The Day in Transparency 4/21/2011

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Here is Thursday’s look at transparency-related news items, congressional committee hearings, transparency-related bills introduced in Congress, and transparency-related events.

News Roundup:

  • The White House is circulating a draft Executive Order seeking to bring transparency to the contracting process through mandating disclosure of political contributions and expenditures. View the draft here.
  • After a year of abstaining from making political contributions, BP is once again making campaign expenditures. BP’s contributions last month mainly went to Republican House leaders and Republican Party committees. (Open Secrets)
  • Jon Ralston investigates the influence and dealmaking that went on in Nevada regarding a PokerStars “influence-peddling attempt” that “badly backfired.” (Las Vegas Sun)
  • AT&T has hired former Representative Bill Tauzin (R-LA) to lobby Congress to approve the company’s proposed merger with AT&T. (National Journal)
  • Many major lobby firms saw their first quarterly revenues for 2011 flatline or decrease when compared to 2010’s first quarter revenues. (The Hill)(Roll Call $)
  • The Bureau of Alcohol, Tobacco, Firearms and Explosives (ATF) did not submit the documents demanded under a subpoena issued by House Oversight Chairman Darrell Issa (R-CA). (The Daily Caller) Rep. Issa is threatening to begin contempt proceedings against ATF Director Kenneth Melson if he does not comply. (Roll Call $)(The Hill)
  • Federal agencies are celebrating the anniversary of when they first had to develop plans to increase transparency by publishing progress reports and highlighting accomplishments. (Federal Computer Week)
  • The European Union is launching a project where tech companies and freelance programmers will create an EU-wide online open data portal to facilitate public access to government information and services. (Deutsche Welle World)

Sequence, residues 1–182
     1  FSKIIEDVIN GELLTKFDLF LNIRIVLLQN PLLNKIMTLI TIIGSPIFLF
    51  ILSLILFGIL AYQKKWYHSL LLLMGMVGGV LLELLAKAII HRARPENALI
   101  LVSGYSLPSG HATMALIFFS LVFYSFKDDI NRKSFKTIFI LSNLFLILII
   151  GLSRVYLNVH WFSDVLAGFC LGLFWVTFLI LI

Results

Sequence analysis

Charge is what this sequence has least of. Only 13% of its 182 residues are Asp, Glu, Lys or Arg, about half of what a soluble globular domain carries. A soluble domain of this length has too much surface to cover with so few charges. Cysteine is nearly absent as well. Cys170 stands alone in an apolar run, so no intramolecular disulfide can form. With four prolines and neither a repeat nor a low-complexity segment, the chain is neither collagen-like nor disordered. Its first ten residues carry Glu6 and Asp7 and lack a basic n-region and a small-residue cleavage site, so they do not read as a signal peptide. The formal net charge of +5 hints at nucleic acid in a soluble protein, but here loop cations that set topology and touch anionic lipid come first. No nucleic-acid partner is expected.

• A federal appeals panel determined that recommendations issued by federal advisory committees can be withheld from the public under FOIA Exemption 5. (The Reporters Committee for Freedom of the Press)
  • One year after the BP oil spill, insufficient resources are hindering the ability of the government to perform effective oversight of offshore drilling. (NPR)
  • Spain’s “Right to be Forgotten” movement has resulted in the “Data Protection Agency” forcing Google to remove several unflattering searches. (Techland)
  • Watch live streaming of the O’Reilly Media Conferences. (O’Reily Where 2.0 Conference)
  • The Computing Research and Education Association of Australia (CORE) advised the Australian federal government that all computerized voting systems need to be made open source. (ZDNet)
  • Opinion: Evan Mantyk writes that America is better off now that the earmarks that have been “eating away at the moral integrity of our country” have been banned. (The Epoch Times)
  • Opinion: The Lake Wales News opines that the editors would like to “see a law that clamps down on the big soft-money contributions lobbyists can make to legislator’s political organizations.” (The Lake Wales News)
  • Opinion: Despite FOIA requirements, some states make it difficult to access public records. (The Daily Eastern News)

Relevant committee hearings scheduled for 4/18-4/22:

  • None. House and Senate not in session.

Relevant bills introduced:

  • None. House and Senate not in session.

Transparency events scheduled for 4/21:

  • None.

 

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